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Analyzing the Edmonton Eskimos’ Offense
Chris Kay
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When the CFL season started a few months ago we all scrambled for every bit of information we could grab a hold of. What was easiest to grasp was what we observed. What we saw through the first five weeks was a dominant Edmonton Eskimos offense. Why wouldn’t this offense be for real after taking home the Grey Cup last season? Well, we all seem to have been bullheaded about this offense since week five because that “electric” Eskimos offense has severely disappointed since.

Are the recent struggles a surprise though? I decided to take a look at three different sets of numbers over the past season and a half to help me discover the answer to this question. After looking at 2015, the first 3.5 games of the season (I’ll explain I promise) and the past 6.5 games of the season, this is an offense we need to put less stock in than ever before.


Determining the three sample sizes was easy. The 2015 season provides a full sample size of games (20) that should allow us to take a look at how this offense performs over the course of an entire year. All of the major components of the offense have returned, so there are no major changes from last season to this one.

Why did I decide on just 3.5 games for the second sample size? The Eskimos started off red hot with two big wins and plenty of points on the scoreboard. If you watched the Eskimos vs. Tiger-Cats game in week five you saw a tale of two halves. In the first quarter Edmonton was unstoppable, scoring 24 points and taking a nice lead into the half. In the second half we saw a touchdown on their first drive and then terrible offensive play after that. Since then this offense hasn’t been the same. Take a look at these major stats that show you what I mean.

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Between the three numbers sets, there are two that are extremely similar while one isn’t. The past 6.5 games of the 2016 season are very comparable to the entire 2015 season, while the first 3.5 games of the 2016 season seem to be the outlier here.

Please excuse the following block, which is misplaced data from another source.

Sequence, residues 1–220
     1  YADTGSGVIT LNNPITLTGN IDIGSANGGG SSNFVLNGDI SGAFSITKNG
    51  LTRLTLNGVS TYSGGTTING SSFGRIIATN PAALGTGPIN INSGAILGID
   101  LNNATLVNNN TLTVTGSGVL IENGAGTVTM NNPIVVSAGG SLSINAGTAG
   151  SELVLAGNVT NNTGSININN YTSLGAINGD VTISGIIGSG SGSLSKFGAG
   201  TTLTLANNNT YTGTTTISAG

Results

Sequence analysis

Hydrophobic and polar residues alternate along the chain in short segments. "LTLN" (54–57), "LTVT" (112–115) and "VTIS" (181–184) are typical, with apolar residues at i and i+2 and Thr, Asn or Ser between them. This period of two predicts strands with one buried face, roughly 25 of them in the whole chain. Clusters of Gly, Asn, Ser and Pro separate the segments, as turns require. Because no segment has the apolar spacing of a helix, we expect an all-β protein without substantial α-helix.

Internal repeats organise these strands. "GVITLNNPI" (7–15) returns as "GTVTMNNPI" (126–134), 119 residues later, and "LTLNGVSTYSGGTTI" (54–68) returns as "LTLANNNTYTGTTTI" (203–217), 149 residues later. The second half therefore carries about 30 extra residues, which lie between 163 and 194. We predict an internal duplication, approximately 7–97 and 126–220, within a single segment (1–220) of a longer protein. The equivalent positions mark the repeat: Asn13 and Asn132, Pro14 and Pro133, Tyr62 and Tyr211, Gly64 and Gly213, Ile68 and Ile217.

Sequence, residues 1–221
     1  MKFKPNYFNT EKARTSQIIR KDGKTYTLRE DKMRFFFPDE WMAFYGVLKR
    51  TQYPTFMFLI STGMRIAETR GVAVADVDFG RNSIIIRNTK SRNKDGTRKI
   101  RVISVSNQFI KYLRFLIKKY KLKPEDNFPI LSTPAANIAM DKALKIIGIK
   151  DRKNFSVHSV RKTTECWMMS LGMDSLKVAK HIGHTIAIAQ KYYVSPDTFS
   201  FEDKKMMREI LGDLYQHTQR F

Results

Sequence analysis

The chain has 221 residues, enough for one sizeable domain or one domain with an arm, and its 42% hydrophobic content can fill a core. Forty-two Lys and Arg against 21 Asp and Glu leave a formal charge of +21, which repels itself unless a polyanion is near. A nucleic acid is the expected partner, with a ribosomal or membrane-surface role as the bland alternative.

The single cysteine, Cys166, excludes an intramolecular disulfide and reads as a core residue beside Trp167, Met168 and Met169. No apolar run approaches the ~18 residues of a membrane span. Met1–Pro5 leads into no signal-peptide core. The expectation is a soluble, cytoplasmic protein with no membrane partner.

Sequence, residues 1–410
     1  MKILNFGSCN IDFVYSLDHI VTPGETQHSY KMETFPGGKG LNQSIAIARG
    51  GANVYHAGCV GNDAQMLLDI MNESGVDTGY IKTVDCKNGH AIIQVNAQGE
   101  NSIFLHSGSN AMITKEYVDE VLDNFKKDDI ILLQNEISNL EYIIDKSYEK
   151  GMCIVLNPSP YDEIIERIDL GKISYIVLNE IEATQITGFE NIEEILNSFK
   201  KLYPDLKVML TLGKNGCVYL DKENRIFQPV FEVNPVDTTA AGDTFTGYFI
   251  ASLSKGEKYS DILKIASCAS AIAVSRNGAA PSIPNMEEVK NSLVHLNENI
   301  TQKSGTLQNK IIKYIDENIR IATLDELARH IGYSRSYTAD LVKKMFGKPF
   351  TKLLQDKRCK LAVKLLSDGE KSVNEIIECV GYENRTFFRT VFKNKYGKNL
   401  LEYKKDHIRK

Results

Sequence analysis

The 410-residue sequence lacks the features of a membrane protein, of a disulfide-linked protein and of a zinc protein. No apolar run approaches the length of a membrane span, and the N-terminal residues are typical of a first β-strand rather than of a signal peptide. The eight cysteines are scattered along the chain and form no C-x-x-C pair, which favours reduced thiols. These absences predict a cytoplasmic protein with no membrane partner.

draft_promo_forumIn 2016, there is just over a touchdown difference (7.1ppg) from the beginning of the season compared to the most recent part of the season. This inability to score over the last 6.5 games is easier to believe when you see that they’re actually averaging .2 more points per game during this stretch than all of 2015 (20 games). From a yardage standpoint, we see just 10 more yards per game in 2015 than this recent stretch of games (and 107 yards less compared to the first 3.5 games of the season).

So, what’s causing these offensive issues? Many are saying there’s a clear issue with offensive line play out of the Eskimos, but that isn’t the case. They have allowed 20 sacks on offense, second lowest of every team in the CFL. Their 4.82 yards per attempt on the ground is tied for second best in the league as well. Maybe this offensive line isn’t the best, but they are certainly not why the offense has struggled over the past 6.5 games.

Instead of this idea that the offensive line has been terrible, maybe it’s the offensive weapons themselves? Mike Reilly has thrown the third most interceptions (10) and has the third worst interception percentage among CFL quarterbacks with over 100 passing attempts. These numbers aren’t great in terms of the entire league, but his interception percentage is actually his best season over his past five. 2016 is some of the best Mike Reilly we’ve ever seen.

Derel Walker and Adarius Bowman are two of the best receivers in the CFL, but they are the also the most targeted combination. They account for just under 50% of the team’s targets. These targets aren’t turning out quite like they had hoped for in 2016. During their first four games, these two went for 100+ yards seven times (Walker three times, Bowman four times). Since the game against Hamilton, these two have generated just three 100+ yard games out in 12 tries. How are these two priced over $10,000 on DraftKings? Is it possible opposing defenses have focused the majority of their attention to stopping these two receivers and letting others beat them?

Instead of Edmonton being a powerful offense that has struggled to get back its form, we should be considering Edmonton an average offense that has come back down to earth. Let others fall for the green and fool’s gold from Edmonton.